Opposition Leader Brendan Nelson said Australia must do everything it could to give people in the developing world a reasonable expectation of a healthy life.
Anti-woman? Abortions offer a healthy life? Hello, unsubstantiated opinion-goodbye reasonable effort to stop the advent of abortion in developing countries where access to basic health care is a problem, forget about abortion.
The bottom line: Don’t count on governments to stem the tide of abortion extremism. And I might add, that’s a good thing. We should be able to discern all on our own what constitutes good policy, without the reigning elite telling us.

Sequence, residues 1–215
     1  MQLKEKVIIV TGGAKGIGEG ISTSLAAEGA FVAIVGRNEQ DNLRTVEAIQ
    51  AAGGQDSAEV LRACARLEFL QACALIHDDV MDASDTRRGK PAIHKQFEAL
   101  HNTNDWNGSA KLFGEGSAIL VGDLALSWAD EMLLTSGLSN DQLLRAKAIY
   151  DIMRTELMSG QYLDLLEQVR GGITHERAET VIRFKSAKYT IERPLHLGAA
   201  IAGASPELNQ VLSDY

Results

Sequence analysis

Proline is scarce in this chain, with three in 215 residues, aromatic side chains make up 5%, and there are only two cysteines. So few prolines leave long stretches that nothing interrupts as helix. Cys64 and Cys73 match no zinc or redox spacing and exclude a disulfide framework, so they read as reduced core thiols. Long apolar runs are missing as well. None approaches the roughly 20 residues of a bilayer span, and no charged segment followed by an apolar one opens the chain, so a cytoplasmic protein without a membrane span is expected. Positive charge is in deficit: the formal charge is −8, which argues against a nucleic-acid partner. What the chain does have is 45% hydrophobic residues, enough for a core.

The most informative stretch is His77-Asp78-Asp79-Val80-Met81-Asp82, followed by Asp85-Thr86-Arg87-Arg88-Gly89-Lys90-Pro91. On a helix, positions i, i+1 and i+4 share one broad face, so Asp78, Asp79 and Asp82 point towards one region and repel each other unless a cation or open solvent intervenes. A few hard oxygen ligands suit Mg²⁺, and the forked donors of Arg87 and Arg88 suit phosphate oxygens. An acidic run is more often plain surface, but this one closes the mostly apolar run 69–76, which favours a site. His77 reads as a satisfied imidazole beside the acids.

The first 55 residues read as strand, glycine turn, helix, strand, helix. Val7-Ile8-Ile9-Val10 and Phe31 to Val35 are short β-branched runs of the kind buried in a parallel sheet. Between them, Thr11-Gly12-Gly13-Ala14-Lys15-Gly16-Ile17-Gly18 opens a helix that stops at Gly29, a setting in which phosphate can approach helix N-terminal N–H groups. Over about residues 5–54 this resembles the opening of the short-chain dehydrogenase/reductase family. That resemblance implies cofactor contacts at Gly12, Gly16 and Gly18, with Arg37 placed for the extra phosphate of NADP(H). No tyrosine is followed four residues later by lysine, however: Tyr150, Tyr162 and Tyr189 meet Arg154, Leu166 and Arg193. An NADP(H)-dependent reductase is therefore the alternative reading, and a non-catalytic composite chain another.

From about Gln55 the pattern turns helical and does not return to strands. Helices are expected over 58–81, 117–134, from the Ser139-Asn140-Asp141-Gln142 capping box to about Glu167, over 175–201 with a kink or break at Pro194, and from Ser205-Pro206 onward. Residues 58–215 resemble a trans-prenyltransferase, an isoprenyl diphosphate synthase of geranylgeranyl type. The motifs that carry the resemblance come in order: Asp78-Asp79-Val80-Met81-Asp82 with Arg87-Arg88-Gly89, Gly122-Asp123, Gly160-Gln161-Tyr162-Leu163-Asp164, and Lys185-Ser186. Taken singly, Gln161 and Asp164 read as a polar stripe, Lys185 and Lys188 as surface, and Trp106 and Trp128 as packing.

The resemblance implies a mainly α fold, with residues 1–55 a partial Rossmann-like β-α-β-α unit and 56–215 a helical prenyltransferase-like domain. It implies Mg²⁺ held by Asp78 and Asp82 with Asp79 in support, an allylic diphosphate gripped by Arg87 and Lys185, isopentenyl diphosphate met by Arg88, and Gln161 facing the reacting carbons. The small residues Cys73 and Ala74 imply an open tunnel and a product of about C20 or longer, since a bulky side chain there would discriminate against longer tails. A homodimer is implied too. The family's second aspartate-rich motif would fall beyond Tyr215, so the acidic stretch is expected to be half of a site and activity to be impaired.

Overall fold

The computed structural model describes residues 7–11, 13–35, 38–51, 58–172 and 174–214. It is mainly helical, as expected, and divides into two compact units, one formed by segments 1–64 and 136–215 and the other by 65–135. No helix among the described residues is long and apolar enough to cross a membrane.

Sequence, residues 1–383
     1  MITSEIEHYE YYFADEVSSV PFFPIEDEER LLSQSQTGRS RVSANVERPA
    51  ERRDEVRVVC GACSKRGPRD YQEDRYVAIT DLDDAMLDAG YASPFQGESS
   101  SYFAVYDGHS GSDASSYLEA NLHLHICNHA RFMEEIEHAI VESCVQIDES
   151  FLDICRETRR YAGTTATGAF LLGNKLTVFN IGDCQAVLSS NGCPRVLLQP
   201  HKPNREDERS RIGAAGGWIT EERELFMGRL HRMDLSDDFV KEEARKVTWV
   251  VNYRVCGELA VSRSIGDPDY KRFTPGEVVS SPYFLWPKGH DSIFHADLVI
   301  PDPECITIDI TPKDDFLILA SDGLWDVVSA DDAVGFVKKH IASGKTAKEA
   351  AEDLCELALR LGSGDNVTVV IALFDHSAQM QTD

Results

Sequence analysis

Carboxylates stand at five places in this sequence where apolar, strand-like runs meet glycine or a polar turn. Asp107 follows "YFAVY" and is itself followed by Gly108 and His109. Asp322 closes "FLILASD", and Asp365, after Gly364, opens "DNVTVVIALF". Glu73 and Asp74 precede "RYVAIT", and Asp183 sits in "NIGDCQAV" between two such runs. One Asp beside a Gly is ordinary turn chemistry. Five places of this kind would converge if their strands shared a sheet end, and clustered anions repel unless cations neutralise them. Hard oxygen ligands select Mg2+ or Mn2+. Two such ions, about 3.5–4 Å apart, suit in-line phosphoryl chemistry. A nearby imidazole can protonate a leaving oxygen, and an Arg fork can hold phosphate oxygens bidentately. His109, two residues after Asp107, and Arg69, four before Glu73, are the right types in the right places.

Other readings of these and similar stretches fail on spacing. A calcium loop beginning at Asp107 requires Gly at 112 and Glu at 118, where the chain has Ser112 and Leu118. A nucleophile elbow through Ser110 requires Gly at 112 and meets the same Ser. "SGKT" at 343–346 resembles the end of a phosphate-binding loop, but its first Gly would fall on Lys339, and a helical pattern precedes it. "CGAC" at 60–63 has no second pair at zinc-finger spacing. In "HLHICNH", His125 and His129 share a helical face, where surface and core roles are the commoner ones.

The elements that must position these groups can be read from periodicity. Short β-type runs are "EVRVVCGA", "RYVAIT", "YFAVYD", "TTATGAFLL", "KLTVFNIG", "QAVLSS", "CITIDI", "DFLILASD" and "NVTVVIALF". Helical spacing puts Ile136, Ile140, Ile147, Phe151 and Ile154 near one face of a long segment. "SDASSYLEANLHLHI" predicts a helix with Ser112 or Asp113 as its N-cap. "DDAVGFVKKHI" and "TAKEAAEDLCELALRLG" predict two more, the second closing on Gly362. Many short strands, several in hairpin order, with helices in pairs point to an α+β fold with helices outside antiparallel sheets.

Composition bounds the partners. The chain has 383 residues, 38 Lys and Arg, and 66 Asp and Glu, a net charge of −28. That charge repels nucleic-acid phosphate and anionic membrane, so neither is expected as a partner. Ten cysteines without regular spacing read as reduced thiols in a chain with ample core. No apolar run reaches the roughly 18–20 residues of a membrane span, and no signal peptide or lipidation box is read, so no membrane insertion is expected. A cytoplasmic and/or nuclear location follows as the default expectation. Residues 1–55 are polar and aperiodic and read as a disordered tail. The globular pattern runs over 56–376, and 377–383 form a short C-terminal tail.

Part of the mantra-say it with me-abortion is a woman’s right-denies the fact that men are ever involved, or that they might want a say.
This article from the Los Angeles Times highlights how abortion affects men, after a conference in San Francisco for post-abortive men. Raises the valid question: If men and women have children together–as in these are “our kids”–do they not also have the abortion together?
Reminds me of this young rapper mourning the loss of his child. Watch the video above and tell me that men don’t care.
Who is more in favour of “abortion rights? ” Says Hillary: “I am!” Says Barack: “No, I am!”
It’s really hard to win an imaginary war–“abortion rights” don’t exist. “The right to life, liberty and the pursuit of abortions” ain’t enshrined nowhere.
Good luck, then, to both of them in this politicking over nothing at all. We all know they are on the same page on abortion, anyway.